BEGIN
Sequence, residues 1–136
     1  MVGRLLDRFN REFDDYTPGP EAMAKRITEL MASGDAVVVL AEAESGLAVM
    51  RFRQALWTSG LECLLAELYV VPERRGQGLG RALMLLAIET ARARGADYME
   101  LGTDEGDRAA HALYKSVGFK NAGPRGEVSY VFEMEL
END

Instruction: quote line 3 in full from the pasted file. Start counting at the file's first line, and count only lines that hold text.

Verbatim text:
    51  RFRQALWTSG LECLLAELYV VPERRGQGLG RALMLLAIET ARARGADYME